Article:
RevDate: 2018-07-28

Albrich K, Rammer W, Thom D, et al (2018)

Trade-offs between temporal stability and level of forest ecosystem services provisioning under climate change.

Ecological applications : a publication of the Ecological Society of America [Epub ahead of print].

The ability of forests to continuously provide ecosystem services (ES) is threatened by rapid changes in climate and disturbance regimes. Consequently, these changes present a considerable challenge for forest managers. Management of forests often focuses on maximizing the level of ES provisioning over extended time frames (i.e., rotation periods of more than 100 years). However, temporal stability is also crucial for many ES, e.g., in the context of a steady provisioning of resources to the industry, or the protection of human infrastructure against natural hazards. How temporal stability and the level of ES provisioning are related is of increasing interest, particularly since changing climate and disturbance regimes amplify temporal variability in forest ecosystems. In this simulation study we investigated whether forest management can simultaneously achieve high levels and temporal stability of ES provisioning. Specifically, we quantified (1) trade-offs between ES stability and level of ES provisioning, and (2) the effect of tree species diversity on ES stability. Simulating a wide range of future climate scenarios and management strategies we found a negative relationship between temporal stability and level of ES provisioning for timber production, carbon cycling, and site protection in a landscape in the Austrian Alps. Tree species diversity had a predominantly positive effect on ES stability. We conclude that attempts to maximize the level of ES provisioning may increase its temporal variability, and thus threaten the continuity of ES supply. Consequently, considerations of stability need to be more explicitly included in forest management planning under increasingly variable future conditions. This article is protected by copyright. All rights reserved.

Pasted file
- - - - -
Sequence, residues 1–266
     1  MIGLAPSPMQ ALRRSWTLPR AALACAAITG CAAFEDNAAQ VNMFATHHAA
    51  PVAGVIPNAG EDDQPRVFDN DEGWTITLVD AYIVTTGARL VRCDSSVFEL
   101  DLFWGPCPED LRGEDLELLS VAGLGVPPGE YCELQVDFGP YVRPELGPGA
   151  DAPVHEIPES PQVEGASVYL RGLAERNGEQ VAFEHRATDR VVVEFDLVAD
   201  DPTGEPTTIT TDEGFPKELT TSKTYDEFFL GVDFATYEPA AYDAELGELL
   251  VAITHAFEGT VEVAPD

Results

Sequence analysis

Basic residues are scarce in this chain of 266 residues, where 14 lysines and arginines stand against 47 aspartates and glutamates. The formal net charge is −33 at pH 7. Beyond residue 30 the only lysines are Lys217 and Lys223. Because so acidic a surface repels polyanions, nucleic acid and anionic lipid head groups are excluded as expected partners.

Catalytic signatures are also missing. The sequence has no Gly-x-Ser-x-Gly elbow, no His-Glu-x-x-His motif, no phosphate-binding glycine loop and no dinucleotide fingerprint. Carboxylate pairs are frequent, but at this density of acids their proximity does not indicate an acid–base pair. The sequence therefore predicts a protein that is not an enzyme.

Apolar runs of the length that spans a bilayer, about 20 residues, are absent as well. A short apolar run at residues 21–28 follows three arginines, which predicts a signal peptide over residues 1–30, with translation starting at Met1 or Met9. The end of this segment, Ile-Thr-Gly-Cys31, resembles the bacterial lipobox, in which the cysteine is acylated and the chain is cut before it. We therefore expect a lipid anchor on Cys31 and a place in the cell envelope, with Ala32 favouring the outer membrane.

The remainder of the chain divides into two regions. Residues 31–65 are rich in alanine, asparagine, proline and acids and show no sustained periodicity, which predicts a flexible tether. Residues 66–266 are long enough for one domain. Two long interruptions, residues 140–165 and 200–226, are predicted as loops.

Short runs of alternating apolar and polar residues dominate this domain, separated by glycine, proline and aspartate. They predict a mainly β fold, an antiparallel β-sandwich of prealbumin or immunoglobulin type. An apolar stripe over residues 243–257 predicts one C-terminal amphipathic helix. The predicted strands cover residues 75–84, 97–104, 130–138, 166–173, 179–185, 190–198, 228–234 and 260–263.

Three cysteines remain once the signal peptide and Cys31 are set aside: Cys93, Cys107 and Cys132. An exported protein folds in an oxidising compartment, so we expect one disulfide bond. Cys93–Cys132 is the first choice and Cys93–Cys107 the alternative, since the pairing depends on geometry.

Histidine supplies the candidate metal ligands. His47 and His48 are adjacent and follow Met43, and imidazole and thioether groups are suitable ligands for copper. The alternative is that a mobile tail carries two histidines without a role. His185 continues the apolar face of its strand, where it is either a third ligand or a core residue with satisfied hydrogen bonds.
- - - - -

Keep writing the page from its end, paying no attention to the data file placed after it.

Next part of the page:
RevDate: 2018-07-28

Knapp AK, Carroll CJW, Griffin-Nolan RJ, et al (2018)

A reality check for climate change experiments: do they reflect the real world?.

Ecology [Epub ahead of print].

Experiments are widely used in ecology, particularly for assessing global change impacts on ecosystem function. However, results from experiments often are inconsistent with observations made under natural conditions, suggesting the need for rigorous comparisons of experimental and observational studies. We conducted such a 'reality check' for a grassland ecosystem by compiling results from nine independently conducted climate change experiments. Each experiment manipulated growing season precipitation (GSP) and measured responses in aboveground net primary production (ANPP). We compared results from experiments with long-term (33-yrs) annual precipitation and ANPP records to ask if collectively (n=44 experiment-yrs) experiments yielded estimates of ANPP, rain-use-efficiency (RUE, g m-2 ANPP mm-1 precipitation), and the relationship between GSP-ANPP comparable to observations. We found that mean ANPP and RUE from experiments did not deviate from observations. Experiments and observational data also yielded similar functional relationships between ANPP and GSP, but only within the range of historically observed GSP. Fewer experiments imposed extreme levels of GSP (outside the observed 33-yr record), but when these were included, they altered the GSP-ANPP relationship. This result underscores the need for more experiments imposing extreme precipitation levels to resolve how forecast changes in climate regimes will affect ecosystem function in the future. This article is protected by copyright. All rights reserved.

RevDate: 2018-07-28

Zachary DS (2018)

The Inverse Poisson Functional for forecasting response time to environmental events and global climate change.

Scientific reports, 8(1):11342 pii:10.1038/s41598-018-29680-4.